Wheels Up alleges FlyExclusive wrongfully terminated an agreement to fly its members on the Friday evening before the busy July 4th holiday.
The action, filed in the United States District Court Southern District of New York, pits the third-largest U.S. private jet flight provider based on charter and fractional hours against the fifth-largest player.
While the two charter and jet membership providers compete in the jet card and membership space, since November 2021, Wheels Up had contracted with FlyExclusive to provide flights for its members under a Guaranteed Rate Program, or GRP.
The relationship, at least until recently, had apparently worked well.
FlyExclusive only launched its membership program in 2020, so it had more airplanes than it needed to fly members.
Conversely, Wheels Up had over 12,000 members, and despite having its own fleet of over 200 airplanes, it needed even more capacity.
Members are guaranteed flights so long as they book a specified number of hours before departure.
FlyExclusive terminated our agreement with Wheels Up because they are in default. This litigation is a result of our termination– FlyExclusive in a written statement to Private Jet Card Comparisons
From its Investors Day presentation last month, FlyExclusive showed GRPs made up 10% of its revenues in 2021, growing to 39% last year, around $124 million.
While GRPs for 2023 are only forecast to be 24% of its revenues, that still implies $88 million based on current projections of $367 million in company revenues.
From its proxy statement filed ahead of its planned IPO later this year, at one point, the Kinston, North Carolina-based operator had 30 of its 90 aircraft dedicated to flying Wheels Up’s customers.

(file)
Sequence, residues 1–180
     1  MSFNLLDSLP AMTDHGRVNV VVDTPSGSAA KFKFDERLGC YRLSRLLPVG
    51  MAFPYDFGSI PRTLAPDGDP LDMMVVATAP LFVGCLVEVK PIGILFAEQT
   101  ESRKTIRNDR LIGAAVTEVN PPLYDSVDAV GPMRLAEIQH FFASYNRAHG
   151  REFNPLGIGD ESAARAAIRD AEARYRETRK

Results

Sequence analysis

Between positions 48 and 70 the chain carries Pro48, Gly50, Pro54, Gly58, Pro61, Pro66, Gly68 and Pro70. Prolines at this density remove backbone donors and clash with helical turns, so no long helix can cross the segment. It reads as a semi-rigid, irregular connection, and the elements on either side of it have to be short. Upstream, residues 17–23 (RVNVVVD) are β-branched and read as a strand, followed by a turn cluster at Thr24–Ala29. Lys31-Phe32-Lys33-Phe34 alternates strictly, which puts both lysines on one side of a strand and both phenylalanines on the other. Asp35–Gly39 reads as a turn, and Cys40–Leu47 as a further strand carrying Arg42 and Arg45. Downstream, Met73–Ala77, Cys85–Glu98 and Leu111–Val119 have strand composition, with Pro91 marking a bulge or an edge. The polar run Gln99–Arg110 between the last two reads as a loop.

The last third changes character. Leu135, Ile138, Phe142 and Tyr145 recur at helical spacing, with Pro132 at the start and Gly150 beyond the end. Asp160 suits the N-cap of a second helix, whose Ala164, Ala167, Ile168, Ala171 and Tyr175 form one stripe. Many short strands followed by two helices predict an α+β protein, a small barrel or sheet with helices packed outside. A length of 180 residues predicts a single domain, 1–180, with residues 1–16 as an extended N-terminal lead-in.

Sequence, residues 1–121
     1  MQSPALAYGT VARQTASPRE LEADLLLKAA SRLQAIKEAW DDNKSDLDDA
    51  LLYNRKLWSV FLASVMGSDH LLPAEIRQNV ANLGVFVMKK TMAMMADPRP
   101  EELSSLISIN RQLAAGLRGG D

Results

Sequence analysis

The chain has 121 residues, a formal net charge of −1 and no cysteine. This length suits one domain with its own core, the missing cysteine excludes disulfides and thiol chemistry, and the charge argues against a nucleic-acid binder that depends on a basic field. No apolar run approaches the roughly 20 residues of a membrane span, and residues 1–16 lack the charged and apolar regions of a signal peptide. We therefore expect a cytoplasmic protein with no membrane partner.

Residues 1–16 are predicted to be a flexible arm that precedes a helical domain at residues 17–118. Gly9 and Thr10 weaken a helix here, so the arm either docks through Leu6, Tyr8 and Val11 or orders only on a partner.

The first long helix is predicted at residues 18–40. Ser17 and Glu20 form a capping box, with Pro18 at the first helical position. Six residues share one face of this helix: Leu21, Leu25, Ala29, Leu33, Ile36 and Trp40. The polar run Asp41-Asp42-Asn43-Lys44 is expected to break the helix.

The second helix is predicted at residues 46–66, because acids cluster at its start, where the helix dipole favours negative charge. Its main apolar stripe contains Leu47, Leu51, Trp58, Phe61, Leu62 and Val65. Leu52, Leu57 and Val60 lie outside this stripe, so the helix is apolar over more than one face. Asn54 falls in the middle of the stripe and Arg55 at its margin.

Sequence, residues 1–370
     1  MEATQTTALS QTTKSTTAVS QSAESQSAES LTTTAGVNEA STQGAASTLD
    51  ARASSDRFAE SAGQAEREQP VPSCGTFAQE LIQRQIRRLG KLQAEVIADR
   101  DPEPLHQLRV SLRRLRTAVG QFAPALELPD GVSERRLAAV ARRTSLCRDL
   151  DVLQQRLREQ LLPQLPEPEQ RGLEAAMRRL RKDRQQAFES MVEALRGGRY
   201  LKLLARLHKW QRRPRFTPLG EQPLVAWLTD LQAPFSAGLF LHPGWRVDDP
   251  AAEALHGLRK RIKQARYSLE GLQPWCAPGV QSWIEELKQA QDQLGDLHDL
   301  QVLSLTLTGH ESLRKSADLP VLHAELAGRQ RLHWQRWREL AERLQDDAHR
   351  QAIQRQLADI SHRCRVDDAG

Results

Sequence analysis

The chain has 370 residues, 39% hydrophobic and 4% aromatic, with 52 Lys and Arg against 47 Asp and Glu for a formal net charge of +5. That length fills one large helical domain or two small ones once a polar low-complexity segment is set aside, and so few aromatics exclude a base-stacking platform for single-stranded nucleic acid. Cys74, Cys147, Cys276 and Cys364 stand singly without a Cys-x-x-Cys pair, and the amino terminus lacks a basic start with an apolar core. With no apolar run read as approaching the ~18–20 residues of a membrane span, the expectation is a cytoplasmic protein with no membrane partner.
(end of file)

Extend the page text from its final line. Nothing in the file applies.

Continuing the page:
According to Wheels Up’s lawsuit, “Without any prior notice, on the eve of the Fourth of July holiday weekend, one of the busiest private flying weekends of the year, FlyExclusive wrongfully terminated the agreement and baselessly demanded hundreds of thousands of dollars to charter flights it was already contractually obligated to complete–despite the fact that FlyExclusive retained millions of dollars in deposits provided by Wheels Up under the agreement.”
According to FlyExclusive’s financial filings, Wheels Up initially paid $37.5 million in deposits to secure the aircraft.
The Wheels Up filing reports the term of the agreement was to last through March 1, 2024, including an initial 18 months and then a 10-month draw-down period.
After the first 18 months, which ended May 1, 2023, Wheels Up states, “[T]he term will continue and the draw-down period will be postponed unless or until either party gives the other party a 30-day written notice of termination, in which case the draw-down period will begin on the 30th day after the notice was given.”
However, the New York-based provider claims at 8:41 pm on Friday, June 30, 2023, FlyExclusive’s CEO, Jim Segrave, emailed a Notice of Termination “effective immediately despite the fact that FlyExclusive had no basis to do so.”
With more than 75 passengers due to be flown on Saturday by FlyExclusive, Wheels Up said it agreed to make a $300,000 prepayment, which it says was not required by the terms of the agreement.